1. Introduction
In this paper, we offer a project management perspective to sport events management in spite that the sports
industry considers that those events should be treated differently from other types of events (Fanjul-Suárez &
Magaz-González, 2012: page 140). Moreover, the methodology applied to the organization of sports events has
been mainly marketing oriented, treated as processes that are organized in a series of stages and sections. Project
management has not a dominant role in the organization of sports events. One explanation for the marketing being
the alpha and omega in this field is in the training of the events managers around the Sport Business Schools (SBS).
Therefore, today sport marketing, as an extension of the traditional concept of marketing, as well as the
process-based approach –as opposed to project-based- cover all the phases of the organization of a sport event.
Taking this context into account, the aim of the paper is to use the project management approach for the
management of sports events. To achieve this objective, we explain how this could be done –could be extended to
any kind of event-, and we start by asking whether a sport event is a project, and what must be fulfilled for it to be
so. Then we suggest managers adopt mainstream project management standards and methodologies. In particular,
we advocate using PM2
, the project management methodology developed inside the European Commission
(European Commission, 2021). PM2
has specific characteristics that made it interesting in sectors where managers
do not have extensive experience using project management standards and methodologies, as it is the case of sports
events. In particular, it specifies in a simple way what has to be done on a project, who has to do it and when. The
Guide advises on how to tailor and adapt the methodology to the complexity of a particular project.
proposes a governance model with well-defined roles concerning the responsibilities of each participant in the
project. It proposes a live cycle and a swimlane diagram describing all the activities to be done in order for the
project to succeed. PM2
includes a set of “artifacts”, that is, a set of predefined templates of almost all documents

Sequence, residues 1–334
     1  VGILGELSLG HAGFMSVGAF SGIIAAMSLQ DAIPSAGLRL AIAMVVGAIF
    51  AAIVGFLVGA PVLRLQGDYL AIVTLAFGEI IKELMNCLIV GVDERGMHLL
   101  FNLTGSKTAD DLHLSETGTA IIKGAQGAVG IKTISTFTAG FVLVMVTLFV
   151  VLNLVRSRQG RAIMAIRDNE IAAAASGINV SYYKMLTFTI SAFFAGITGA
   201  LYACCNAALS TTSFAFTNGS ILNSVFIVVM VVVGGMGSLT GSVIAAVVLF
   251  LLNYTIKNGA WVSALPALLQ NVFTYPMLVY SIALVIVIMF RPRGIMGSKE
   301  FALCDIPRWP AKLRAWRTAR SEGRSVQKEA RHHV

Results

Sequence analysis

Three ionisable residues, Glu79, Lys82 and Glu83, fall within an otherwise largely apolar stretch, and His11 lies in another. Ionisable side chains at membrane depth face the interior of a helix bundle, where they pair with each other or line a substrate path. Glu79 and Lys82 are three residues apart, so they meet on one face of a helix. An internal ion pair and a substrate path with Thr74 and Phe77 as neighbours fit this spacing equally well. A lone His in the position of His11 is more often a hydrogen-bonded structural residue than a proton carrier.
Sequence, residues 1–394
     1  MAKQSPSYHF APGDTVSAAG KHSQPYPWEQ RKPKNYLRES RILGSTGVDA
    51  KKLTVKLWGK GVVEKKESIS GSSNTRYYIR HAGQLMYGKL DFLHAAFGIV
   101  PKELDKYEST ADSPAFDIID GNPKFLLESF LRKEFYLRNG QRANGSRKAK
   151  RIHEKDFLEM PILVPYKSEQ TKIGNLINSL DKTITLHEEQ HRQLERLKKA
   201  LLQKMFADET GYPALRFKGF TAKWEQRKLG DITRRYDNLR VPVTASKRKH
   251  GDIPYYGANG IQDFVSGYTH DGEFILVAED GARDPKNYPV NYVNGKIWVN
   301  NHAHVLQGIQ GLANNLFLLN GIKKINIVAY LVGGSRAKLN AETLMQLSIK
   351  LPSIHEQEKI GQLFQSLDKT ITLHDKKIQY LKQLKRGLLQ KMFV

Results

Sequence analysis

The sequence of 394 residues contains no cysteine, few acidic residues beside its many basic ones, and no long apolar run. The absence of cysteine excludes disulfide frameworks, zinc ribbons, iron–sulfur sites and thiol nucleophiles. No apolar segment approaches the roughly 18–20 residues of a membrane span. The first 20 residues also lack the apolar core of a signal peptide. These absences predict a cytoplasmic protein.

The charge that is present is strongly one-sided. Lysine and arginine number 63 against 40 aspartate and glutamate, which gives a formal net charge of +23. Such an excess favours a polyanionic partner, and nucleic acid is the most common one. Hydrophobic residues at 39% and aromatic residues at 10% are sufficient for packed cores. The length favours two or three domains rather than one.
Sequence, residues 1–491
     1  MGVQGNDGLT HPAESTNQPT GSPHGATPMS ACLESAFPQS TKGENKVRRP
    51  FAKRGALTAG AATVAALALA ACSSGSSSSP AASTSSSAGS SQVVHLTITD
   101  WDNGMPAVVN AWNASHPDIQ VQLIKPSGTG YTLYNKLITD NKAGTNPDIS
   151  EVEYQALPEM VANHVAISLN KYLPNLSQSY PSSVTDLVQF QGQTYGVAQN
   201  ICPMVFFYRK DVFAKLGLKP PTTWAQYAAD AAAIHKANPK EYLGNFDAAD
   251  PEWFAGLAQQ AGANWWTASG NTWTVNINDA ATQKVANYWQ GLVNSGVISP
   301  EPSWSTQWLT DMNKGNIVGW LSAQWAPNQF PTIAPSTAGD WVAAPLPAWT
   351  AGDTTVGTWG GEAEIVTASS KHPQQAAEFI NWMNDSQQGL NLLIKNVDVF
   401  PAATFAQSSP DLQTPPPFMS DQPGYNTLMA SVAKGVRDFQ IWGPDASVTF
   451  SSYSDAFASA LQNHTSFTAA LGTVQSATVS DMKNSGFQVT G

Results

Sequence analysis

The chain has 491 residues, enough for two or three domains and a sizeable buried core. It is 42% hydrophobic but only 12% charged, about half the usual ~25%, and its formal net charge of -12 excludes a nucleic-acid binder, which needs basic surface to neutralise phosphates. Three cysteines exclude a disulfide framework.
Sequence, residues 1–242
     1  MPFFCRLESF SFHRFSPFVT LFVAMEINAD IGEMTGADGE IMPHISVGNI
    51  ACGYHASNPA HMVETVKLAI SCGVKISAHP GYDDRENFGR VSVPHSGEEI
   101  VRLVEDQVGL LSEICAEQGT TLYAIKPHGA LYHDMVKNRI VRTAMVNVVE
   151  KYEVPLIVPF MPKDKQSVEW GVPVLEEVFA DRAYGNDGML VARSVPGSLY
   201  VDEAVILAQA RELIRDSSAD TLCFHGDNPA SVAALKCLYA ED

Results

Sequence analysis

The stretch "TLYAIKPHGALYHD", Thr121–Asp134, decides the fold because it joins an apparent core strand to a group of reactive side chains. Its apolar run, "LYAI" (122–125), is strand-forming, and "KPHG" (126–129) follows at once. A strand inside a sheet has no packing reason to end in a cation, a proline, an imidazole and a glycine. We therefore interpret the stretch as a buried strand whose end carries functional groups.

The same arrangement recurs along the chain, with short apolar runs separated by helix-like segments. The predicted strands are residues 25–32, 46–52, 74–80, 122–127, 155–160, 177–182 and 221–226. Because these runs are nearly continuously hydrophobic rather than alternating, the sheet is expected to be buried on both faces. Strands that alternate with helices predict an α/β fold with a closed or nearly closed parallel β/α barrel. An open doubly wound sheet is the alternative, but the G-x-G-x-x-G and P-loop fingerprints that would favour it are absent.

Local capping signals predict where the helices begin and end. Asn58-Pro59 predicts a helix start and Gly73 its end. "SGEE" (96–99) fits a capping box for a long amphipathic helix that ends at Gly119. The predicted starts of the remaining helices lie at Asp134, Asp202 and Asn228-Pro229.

a project team can need.
Other predictive methodologies like PMI or ISO 21500 could be also appropriate for managing sports events
projects, but in practice, they need more effort from “novel” project managers. Likewise, competence-based
methodologies like the one developed by IPMA can be used complementarily to PM2
. PM2
has been developed as
general purpose methodology and has been developed to be used for any kind of project. However, it is opened to
changes and extensions to cope with the particular features of some kinds of projects. This is the case of event
exports, as we explain in this paper.
But sports events as projects have some specific characteristics, like the role of some stakeholders or the phases in
which sports events can be structured. Thus, in this paper, we propose some modifications to the original PM2
Guide affecting the governance model and the project lifecycle phases. The most relevant innovation is that we
consider an additional phase, by dividing the original execution phase into two: deployment and execution (stricto
sensu) phases.
The rest of this paper is organized as follows. In section 2, we summarize the current mainstream approach to
managing sports events, usually based on processes and marketing. In section 3 we argue that sports events can be
considered as projects, benefiting from the project management methodologies that we review in section 4. We also
remark on the relevance and advantages of using PM2
for managing sports events. In section 5 we explain our
proposal for extending the original methodology to sports events and we end with the main conclusions of our

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Project Management for Sports